General Motors Co. plans to keep all its Opel/Vauxhall plants open through 2014, but there are "no taboos" in the unit's efforts to become profitable in the future, GM Europe President Karl-Friedrich Stracke told a German newspaper.
GM will seek other ways to end losses at its European operations, Stracke told Bild, Germany's best-selling daily paper. Options included reviewing wages, the newspaper cited Stracke as saying.
Stracke said media reports that Opel's supervisory board will consider next Wednesday a plan to close its plants in Bochum, Germany, and Ellesmere Port, England, were false.
"We are talking about how we can make the business profitable, but there are no factory closures on the agenda," Stacke said in the interview published on Saturday. "We have a clear agreement that guarantees factories until the end of 2014 and it is still valid."
Stracke, who is also Opel/Vauxhall CEO, told Bild he had just returned from GM's Detroit headquarters where GM CEO Dan Akerson had "promised to fully support the company [Opel] and the path we are taking."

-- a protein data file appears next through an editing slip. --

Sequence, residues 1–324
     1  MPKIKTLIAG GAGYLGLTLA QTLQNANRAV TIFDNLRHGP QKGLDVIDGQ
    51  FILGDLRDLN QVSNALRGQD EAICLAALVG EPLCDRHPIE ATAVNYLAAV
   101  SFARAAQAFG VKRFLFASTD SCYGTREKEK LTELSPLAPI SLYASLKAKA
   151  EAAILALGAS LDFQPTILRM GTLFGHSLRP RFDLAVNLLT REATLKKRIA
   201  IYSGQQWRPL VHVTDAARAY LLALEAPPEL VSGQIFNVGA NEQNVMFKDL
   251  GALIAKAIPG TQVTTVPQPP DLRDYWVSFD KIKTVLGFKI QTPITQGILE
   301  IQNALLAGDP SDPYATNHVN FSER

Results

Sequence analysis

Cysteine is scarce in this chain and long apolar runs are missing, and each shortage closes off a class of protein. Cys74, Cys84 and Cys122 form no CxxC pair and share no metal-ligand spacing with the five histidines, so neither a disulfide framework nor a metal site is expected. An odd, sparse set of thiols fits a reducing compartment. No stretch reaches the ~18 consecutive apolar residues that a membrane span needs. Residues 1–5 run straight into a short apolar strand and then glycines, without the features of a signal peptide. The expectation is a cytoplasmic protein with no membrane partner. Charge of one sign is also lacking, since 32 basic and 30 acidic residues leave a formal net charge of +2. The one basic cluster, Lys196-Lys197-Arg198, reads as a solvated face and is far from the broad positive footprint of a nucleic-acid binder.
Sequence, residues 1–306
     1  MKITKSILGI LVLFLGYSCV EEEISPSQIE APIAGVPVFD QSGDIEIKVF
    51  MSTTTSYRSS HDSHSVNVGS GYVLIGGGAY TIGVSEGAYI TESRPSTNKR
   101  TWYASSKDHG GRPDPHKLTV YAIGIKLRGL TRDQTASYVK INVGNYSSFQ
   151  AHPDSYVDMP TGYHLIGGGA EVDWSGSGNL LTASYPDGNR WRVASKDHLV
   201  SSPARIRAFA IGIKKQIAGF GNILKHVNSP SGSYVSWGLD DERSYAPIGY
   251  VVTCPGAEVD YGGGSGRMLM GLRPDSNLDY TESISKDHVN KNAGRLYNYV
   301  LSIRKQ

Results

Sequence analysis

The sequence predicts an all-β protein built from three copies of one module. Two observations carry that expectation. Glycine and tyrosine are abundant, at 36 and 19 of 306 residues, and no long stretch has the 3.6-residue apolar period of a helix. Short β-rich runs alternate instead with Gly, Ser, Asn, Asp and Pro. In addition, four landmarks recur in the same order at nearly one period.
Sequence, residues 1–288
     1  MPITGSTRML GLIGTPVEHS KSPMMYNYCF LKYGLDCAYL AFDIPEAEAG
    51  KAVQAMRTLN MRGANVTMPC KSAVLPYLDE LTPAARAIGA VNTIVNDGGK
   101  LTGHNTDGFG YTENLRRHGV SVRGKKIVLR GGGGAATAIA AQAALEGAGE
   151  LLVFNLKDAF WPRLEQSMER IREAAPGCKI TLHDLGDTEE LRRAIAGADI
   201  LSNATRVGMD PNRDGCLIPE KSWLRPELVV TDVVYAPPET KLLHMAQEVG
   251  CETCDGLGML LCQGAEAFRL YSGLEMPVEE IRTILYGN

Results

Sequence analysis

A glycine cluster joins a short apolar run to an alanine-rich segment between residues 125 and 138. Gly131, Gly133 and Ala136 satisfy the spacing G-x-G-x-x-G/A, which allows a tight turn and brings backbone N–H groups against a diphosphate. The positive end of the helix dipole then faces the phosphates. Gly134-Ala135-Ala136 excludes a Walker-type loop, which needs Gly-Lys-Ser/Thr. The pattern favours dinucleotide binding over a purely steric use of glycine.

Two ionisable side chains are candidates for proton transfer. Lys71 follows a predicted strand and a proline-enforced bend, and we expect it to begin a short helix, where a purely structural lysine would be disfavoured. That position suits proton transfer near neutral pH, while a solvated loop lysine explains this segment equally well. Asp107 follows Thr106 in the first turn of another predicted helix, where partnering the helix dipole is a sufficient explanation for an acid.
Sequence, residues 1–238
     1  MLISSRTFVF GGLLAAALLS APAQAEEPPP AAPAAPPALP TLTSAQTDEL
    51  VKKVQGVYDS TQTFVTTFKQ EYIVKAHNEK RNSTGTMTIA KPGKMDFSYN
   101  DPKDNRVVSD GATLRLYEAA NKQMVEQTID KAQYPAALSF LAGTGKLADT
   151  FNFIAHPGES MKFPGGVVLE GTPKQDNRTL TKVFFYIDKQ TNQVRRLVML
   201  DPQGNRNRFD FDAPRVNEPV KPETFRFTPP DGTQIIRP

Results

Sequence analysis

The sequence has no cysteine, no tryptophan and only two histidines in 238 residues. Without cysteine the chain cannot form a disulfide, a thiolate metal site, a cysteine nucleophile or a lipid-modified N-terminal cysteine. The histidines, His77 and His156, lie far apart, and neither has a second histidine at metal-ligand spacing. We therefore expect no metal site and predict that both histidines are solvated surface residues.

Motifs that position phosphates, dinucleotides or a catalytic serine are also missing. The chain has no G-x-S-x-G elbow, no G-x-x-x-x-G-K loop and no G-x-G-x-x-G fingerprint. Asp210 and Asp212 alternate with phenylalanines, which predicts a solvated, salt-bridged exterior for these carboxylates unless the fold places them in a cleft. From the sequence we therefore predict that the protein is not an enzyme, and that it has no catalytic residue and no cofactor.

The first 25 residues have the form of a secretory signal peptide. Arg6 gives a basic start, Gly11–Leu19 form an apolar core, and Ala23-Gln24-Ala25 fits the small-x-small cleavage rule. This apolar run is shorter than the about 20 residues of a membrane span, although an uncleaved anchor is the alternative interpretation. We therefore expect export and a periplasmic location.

Akerson agreed that solutions for Opel should be worked out in Europe, not in the United States, Stracke said.
Opel is investing 11 billion euros to bring new products to the market by 2014. To counter Europe's weak market, the brand also aims to expand sales in markets such as China, Australia and Israel. A marketing campaign is also planned to improve Opel's image.
Regarding Opel's future strategies, Stracke said: "We need a comprehensive strategy that takes into account all factors and parameters. There are no taboos."
On Bochum's future beyond 2014, he said: "We will have to critically examine all locations. But at the moment, Bochum builds three very important products for Opel."
Bochum builds the Astra compact car, along with the Zafira and Zafira Tourer minivans.
The downturn in the European economy has hit Opel/Vauxhall sales. In the first two months, the brand's registrations in the EU and EFTA countries fell 19.9 percent to 116,248 compared with the same period in 2011, according to industry association ACEA. Market share declined to 6 percent from 6.9 percent.
GM lost $747 million in Europe in 2011.
Bloomberg and Reuters contributed to this story